Special Report
Education

Adequacy Studies: Interpretation

January 04, 2005 2 min read
  • Save to favorites
  • Print

See Also

Return to the table, “Adequacy Studies.”

This table is not a comprehensive list of all adequacy studies conducted across the 50 states. Studies not listed generally only included school-level costs, were not statewide, or included only certain types of districts. Other studies not included were too old, or original reports were not available.

METHOD: In successful-schools studies, researchers select a group of schools or districts meeting a certain level of achievement, and then use the average expenditures of those schools as the basis for an adequate amount. A modified successful-schools study typically involves some measure of efficient spending for the schools or districts chosen. Professional-judgment studies gather a group of educators to develop an education program that will allow students to reach a certain level of achievement. The panel then determines the resources needed to implement that program. The evidence-based approach is based on a “proven effective” comprehensive school reform model (a significant point of debate), or a combination of research-based strategies, and determines the cost of an adequate education by calculating the cost of implementing those programs or strategies. The cost-function method uses a statistical analysis to determine the average cost associated with a certain desired level of student achievement, based on a district with average student characteristics.

COST TYPE: Base costs from the studies listed represent the estimated cost of resources required for the basic education program of prototype schools, assuming no additional accommodations for special student needs. Low costs represent the average expenditures of districts with low incidence of student demographics commonly associated with lower student achievement (e.g., the cost of outcomes in low-need districts). State mean costs represent the statewide average cost of educating students. Average district costs represent the cost of achieving adequate student outcomes in a district of average characteristics.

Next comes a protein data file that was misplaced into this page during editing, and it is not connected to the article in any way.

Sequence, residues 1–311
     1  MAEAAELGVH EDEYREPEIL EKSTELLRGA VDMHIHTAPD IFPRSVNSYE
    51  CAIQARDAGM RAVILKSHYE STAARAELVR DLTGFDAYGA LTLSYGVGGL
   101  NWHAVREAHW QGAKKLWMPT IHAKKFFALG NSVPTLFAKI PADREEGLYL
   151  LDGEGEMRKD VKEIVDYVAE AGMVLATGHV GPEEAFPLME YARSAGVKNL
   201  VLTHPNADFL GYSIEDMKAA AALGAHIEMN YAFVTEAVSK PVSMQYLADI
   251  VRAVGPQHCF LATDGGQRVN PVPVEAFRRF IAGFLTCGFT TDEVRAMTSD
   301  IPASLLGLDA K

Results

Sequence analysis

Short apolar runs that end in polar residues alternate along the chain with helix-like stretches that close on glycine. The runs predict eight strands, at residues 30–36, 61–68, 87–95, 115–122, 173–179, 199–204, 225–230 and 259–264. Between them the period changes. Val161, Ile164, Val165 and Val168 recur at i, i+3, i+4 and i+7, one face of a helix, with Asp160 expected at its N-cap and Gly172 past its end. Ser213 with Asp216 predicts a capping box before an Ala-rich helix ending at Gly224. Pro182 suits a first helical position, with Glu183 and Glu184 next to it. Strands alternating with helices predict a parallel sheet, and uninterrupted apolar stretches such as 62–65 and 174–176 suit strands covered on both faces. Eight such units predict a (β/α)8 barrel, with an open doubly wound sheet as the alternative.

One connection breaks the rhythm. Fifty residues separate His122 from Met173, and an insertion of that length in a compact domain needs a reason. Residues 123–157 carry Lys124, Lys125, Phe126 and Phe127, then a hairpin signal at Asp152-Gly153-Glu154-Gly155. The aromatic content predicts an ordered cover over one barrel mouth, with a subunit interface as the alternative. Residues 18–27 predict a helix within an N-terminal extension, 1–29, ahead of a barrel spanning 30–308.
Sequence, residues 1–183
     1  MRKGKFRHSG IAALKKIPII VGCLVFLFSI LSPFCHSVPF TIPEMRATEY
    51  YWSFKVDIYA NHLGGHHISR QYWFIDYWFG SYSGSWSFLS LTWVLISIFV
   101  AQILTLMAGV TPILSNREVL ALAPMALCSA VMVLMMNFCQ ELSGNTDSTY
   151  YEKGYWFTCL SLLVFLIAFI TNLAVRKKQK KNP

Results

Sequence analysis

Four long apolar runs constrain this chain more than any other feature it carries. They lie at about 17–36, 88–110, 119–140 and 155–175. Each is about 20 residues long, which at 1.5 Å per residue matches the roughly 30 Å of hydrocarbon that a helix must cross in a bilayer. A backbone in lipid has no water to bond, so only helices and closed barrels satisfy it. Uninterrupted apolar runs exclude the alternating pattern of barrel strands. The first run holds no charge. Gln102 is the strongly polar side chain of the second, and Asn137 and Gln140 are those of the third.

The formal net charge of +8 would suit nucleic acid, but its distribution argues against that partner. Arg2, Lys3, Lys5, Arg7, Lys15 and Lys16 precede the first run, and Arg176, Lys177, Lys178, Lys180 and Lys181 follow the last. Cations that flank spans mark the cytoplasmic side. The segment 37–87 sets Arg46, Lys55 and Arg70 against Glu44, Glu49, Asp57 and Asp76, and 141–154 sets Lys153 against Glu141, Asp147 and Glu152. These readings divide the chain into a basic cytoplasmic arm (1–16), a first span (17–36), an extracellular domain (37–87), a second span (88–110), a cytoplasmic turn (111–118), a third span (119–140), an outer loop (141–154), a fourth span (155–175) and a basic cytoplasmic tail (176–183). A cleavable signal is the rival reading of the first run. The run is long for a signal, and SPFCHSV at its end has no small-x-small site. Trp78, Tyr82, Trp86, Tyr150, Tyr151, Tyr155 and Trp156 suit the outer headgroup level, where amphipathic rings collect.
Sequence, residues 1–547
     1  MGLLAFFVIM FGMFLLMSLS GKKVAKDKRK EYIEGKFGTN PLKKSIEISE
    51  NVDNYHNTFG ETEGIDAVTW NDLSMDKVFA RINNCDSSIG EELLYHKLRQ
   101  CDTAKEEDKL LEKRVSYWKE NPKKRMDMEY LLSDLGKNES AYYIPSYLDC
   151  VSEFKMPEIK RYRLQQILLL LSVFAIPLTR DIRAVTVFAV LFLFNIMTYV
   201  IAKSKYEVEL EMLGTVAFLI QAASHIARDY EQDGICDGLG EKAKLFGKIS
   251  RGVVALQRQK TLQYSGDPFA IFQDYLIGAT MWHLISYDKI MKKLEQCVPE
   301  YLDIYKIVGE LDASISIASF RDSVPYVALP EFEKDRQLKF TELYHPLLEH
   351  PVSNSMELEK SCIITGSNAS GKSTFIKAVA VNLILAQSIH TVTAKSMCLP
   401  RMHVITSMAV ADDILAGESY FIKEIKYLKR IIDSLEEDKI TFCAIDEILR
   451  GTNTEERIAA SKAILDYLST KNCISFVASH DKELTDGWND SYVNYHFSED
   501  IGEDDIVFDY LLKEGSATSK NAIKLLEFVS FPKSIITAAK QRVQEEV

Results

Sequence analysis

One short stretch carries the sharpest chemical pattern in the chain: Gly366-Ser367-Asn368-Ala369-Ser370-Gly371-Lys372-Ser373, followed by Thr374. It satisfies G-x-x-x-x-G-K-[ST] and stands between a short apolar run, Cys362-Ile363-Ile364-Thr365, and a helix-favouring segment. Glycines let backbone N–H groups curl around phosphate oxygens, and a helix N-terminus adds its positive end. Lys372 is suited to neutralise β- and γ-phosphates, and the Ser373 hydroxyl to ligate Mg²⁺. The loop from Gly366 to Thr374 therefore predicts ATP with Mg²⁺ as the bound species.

BASIC COST ESTIMATES: Basic cost estimates must be interpreted carefully. Because the achievement standards, methods, and assumptions of student demographics vary greatly across the different studies listed, these estimates are not directly comparable. Also, it is important to note that adequacy studies typically provide a complex listing of several estimates for the cost of an adequate education. The basic cost estimates listed here are just one estimate chosen from these studies. In general, they are the base costs of a large K-12 district. Basic cost estimates were adjusted to reflect 2004 dollars using the Employment Cost Index (ECI) of the U.S. Bureau of Labor Statistics.

ADJUSTED COST ESTIMATES: Costs were adjusted for regional variations in price, using state average prices (weighted by district enrollment) generated from the NCES Geographic Cost of Education Index.

Events

Recruitment & Retention Live Online Discussion A Seat at the Table: Chronic Teacher Shortage: Where Do We Go From Here?